Cockpit deck. The cockpit deck has the usual layout for boats in this class with L-shaped seating opposing a wet bar. I like the feature that Sea Ray has been adding as of late where the double-wide helm seat is able to swivel around to face the action. This is so much more effective than having a reversible helm seat especially with the proximity of the wet bar just behind.
When it's time for gathering, this swivel helm seat is a very effective way of maximizing the seating in a confined space.
A refreshment center is standard and consists of a counter with a designated storage space for carry-on cooler underneath. If you want to go one step better, the wet bar is an option ($650) that includes the stainless steel sink, faucet, stainless steel handrail, plus the trash receptacle and storage.
Power and Performance
The 260 Sundancer is small and handy enough to take out for a spin on a nice afternoon. In fact, most owners will use her as a day boat for cruising and entertaining. With 23" (58 cm) draft with the drives up, she can sneak into shallow coves or nuzzle up to a secluded sandy beach. Her modified-V hull (19-deg. deadrise aft) will keep her comfortable while running fast in choppy waters.
With a 260-hp MerCruiser 5.0L MPI ECT Bravo III as standard power, she should have enough top and cruising speed for most folks, although I haven't tested the boat with standard power.
Sea Ray installs Mercury SmartCraft instruments as standard, with low-glare blue lights for night use. Along with the usual readouts, fuel consumption and water depth/temp are included. There's room for an optional Raymarine C70 GPS/chartplotter ($2,958).
I have, however, tested the 260 with an optional 300-hp MerCruiser 350 MAG MPI, also with Bravo III (adds $3,750). Top speed was 42.7 mph (68.7 kph), burning 23.5 gph (88.95 lph). Best cruise was 30.7 mph (49.4 kph) – at that speed the 260 Sundancer managed 2.60 mpg (1.11 kpl), for a cruising range of 176 miles (283.24 km).
Base price for the 260 Sundancer is $101,853. With an engine upgrade and loaded up with options, you'll easily bump the price to the $166,000 range. And you'll need a trailer if you want to tow the 'Dancer to new cruising grounds.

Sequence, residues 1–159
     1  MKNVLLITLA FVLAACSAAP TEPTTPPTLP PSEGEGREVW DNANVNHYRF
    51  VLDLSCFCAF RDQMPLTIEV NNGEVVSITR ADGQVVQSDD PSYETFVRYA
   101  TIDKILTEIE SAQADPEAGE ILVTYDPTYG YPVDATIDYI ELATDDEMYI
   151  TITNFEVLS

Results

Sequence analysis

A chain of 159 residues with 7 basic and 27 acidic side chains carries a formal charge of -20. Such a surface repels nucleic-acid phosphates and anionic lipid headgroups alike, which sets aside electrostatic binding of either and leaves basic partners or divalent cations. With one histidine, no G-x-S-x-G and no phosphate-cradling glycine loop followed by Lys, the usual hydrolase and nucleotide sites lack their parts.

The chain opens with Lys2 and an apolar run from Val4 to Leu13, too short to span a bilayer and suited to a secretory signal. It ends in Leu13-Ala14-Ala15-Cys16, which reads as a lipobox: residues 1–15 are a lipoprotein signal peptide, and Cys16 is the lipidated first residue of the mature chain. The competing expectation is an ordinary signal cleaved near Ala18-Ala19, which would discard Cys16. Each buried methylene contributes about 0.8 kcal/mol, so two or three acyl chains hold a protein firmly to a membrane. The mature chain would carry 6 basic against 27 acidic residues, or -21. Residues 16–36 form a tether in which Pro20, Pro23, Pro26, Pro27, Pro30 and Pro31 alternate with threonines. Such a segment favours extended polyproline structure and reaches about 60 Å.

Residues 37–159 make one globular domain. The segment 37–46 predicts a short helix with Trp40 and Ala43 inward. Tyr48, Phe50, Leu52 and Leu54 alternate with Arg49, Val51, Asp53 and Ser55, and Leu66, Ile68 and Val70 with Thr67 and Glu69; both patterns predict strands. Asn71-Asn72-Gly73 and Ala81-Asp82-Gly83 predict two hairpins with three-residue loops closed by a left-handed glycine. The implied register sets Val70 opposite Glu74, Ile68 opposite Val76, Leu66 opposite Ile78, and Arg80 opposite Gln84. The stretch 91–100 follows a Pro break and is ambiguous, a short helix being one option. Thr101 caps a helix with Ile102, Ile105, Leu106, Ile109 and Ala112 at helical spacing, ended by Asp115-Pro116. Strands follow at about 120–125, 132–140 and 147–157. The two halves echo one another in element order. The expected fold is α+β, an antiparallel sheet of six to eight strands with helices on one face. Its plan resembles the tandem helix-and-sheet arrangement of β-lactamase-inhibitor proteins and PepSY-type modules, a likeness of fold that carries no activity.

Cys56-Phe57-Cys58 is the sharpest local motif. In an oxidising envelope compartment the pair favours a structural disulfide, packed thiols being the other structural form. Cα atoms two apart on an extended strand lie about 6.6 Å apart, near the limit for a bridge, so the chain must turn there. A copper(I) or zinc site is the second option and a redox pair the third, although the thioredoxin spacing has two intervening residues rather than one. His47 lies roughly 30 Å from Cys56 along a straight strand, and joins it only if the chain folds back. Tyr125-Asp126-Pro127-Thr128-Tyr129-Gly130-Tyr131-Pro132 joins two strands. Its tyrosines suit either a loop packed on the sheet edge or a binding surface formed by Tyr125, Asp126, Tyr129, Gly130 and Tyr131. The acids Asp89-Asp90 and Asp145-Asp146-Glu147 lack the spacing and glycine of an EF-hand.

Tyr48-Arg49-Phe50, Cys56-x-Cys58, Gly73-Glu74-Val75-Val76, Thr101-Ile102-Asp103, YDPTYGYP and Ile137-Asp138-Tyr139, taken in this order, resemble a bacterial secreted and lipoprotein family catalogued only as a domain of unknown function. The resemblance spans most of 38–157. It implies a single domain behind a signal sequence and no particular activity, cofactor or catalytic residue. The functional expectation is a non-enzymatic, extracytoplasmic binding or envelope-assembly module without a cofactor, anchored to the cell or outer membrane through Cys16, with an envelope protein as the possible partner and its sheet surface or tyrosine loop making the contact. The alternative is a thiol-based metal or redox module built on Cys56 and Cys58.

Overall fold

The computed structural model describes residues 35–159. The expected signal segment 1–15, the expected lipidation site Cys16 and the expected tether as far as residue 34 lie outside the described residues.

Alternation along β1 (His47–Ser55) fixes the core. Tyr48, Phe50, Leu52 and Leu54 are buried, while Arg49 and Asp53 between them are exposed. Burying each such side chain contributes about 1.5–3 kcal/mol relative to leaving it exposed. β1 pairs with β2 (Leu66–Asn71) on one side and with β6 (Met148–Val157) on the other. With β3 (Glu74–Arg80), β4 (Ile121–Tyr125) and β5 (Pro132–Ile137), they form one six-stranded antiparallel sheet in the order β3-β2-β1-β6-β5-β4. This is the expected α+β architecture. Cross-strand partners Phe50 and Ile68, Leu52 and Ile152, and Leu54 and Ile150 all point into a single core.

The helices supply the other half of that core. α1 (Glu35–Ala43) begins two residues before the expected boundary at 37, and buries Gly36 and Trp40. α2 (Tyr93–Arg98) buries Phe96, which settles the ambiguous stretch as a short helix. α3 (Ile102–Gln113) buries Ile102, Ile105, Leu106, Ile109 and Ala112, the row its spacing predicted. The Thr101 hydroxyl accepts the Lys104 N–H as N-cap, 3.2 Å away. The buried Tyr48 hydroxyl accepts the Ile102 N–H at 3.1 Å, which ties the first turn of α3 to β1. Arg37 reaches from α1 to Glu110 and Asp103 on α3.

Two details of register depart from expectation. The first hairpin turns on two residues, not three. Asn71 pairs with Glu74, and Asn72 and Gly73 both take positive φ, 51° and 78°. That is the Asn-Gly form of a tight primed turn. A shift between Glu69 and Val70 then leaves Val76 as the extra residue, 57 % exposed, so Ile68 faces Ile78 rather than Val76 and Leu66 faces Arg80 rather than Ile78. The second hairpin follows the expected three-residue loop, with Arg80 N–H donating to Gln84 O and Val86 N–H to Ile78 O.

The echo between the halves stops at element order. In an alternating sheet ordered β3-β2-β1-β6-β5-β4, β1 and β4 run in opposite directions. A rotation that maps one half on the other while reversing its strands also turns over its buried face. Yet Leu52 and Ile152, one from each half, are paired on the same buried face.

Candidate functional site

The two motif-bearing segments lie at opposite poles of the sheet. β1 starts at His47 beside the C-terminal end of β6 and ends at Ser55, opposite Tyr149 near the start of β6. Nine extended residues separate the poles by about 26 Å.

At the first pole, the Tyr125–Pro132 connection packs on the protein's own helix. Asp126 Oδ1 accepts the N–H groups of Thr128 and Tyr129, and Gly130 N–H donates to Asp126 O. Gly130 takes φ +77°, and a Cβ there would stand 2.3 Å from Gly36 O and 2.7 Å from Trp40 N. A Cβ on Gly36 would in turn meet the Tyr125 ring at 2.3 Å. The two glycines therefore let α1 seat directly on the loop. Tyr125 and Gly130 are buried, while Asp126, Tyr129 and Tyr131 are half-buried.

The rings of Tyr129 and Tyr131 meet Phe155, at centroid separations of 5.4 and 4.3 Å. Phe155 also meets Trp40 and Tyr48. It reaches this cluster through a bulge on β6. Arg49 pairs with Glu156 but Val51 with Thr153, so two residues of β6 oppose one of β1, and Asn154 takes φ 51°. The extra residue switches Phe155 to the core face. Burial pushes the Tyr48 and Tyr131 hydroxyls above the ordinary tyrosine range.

Perhaps the most compelling thing of all is the fact that a cruiser with an 8'6" (2.59 m) beam can be trailered without a special permit. That means people with only two weeks vacation can explore some of the best cruising grounds in North America or Europe. That 8'6" beam is also the major drawback to a pocket cruiser -- space is limited in the cockpit and below. All boats are a compromise and this is the one on the 260 Sundancer or any other pocket cruiser with 8'6" beam.
For people thinking about the cruising lifestyle but are not quite sure, then a pocket cruiser is a good first step. At around $100,000 you can get started and if you like what you find, trade on up. If you don't cruising, then your financial exposure has been minimized.
For those who live on a tight budget but are sure they would like to enhance the quality of life by cruising, then I can't think of a better way to do it. Dollar-for-dollar, in my opinion, a pocket cruiser will pay the best dividends in on-the-water cruising fun for a couple or a young family.
Sea Ray has been making pocket cruisers for a long time so they have ironed out most of the wrinkles. If you are in the market for a pocket cruiser, then I suggest you use the Sea Ray 260 Sundancer as your benchmark.
|Washdown: Fresh Water|
|Washdown: Raw Water|
|Outlet: 12-Volt Acc|
|Boats More Than 30 Feet|
= Standard = Optional
|Warranties change from time to time. While BoatTEST.com has tried to ensure the most up-to-date warranty offered by each builder, it does not guarantee the accuracies of the information presented below. Please check with the boat builder or your local dealer before you buy any boat.|